The myth of the angry mob

Ultimately, the myth of the angry mob serves to justify conservatives’ indifference to the outrage of those they disagree with. Classifying protesters as a mob rather than citizens engaging in democratic activity allows Republicans to raise the specter of mob rule to avoid meeting their constituents’ needs. The result: they’re the ones doing violence to democracy. There’s nothing quite so irrational, so irresponsible or so dangerous as an entire political party trying to convince voters that sexual assault survivors confronting their senators constitute an “angry mob.”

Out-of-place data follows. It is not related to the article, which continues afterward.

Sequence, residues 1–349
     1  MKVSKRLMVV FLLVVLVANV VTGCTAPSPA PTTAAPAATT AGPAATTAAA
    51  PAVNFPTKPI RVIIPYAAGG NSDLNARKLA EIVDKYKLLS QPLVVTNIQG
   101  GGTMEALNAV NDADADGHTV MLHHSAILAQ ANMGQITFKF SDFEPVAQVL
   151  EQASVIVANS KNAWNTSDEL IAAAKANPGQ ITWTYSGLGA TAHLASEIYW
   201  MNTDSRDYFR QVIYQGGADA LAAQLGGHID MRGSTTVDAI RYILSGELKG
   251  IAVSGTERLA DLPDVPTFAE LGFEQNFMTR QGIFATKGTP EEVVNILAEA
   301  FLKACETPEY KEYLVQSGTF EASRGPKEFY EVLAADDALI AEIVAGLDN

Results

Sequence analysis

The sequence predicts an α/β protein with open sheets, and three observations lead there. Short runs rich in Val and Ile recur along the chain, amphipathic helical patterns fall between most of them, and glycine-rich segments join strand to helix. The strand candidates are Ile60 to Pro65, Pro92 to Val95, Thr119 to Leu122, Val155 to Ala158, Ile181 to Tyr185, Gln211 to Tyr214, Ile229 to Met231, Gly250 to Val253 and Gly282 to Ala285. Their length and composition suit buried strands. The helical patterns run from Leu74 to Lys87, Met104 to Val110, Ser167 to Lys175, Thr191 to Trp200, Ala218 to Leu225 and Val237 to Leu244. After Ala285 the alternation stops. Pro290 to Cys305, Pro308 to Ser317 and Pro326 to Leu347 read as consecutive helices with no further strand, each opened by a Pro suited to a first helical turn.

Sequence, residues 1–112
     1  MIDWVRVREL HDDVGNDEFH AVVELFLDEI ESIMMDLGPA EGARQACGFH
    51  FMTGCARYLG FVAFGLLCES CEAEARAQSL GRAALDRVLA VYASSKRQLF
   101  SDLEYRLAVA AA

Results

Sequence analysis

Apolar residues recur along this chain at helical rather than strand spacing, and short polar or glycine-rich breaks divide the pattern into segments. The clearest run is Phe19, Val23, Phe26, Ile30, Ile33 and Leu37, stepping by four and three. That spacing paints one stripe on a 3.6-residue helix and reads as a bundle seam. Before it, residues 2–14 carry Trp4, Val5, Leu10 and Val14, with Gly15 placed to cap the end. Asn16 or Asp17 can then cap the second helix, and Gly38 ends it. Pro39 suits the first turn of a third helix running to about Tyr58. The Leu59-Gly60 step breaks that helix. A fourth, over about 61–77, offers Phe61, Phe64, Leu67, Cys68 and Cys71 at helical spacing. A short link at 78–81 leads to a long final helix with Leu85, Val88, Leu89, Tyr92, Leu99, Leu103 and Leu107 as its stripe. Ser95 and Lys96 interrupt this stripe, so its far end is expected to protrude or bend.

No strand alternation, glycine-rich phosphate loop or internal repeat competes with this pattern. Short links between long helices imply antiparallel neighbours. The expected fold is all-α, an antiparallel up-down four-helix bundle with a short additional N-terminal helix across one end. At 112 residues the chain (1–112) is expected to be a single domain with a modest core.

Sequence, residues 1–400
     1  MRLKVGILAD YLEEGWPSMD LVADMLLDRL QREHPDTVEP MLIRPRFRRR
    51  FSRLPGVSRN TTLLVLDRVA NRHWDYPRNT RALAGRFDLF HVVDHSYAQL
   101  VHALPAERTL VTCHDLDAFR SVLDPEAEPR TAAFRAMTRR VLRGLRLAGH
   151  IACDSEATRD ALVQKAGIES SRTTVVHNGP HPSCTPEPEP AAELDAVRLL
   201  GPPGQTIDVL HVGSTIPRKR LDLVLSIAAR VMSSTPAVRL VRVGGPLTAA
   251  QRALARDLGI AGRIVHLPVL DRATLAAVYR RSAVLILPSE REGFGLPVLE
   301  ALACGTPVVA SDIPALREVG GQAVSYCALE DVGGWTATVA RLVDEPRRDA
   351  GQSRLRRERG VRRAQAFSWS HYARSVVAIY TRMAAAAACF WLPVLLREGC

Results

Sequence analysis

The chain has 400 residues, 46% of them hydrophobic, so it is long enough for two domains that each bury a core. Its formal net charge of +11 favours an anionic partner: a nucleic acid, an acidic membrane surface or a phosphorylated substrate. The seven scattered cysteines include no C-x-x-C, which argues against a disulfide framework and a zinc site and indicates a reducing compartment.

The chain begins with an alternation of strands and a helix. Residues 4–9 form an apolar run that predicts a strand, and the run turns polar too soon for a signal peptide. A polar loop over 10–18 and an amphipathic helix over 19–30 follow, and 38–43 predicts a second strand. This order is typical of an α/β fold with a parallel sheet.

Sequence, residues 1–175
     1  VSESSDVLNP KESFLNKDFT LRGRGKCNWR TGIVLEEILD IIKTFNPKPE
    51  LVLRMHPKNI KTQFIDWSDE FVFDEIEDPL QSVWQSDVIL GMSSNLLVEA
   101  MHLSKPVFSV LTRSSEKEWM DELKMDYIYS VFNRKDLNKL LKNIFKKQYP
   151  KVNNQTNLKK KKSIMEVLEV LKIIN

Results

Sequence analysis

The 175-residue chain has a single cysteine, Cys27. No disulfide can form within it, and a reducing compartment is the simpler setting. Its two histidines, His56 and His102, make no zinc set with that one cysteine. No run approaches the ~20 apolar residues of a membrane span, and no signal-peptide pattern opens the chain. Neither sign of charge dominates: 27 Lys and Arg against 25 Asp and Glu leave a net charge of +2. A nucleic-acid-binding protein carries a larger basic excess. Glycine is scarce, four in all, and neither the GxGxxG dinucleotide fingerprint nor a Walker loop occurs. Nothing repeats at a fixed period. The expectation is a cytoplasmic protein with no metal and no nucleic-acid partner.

Trump, at least, should have known better. After all, he is in office because the angry crowds of people who cheered at his campaign rallies were committed and rational enough to show up again at the polls. Likewise, if the GOP loses control of Congress in the midterm elections, it will be because the “angry left-wing mob” in the streets has transformed into a tidal wave of angry left-wing voters at the ballot box. Now that really would be something for Republicans to worry about.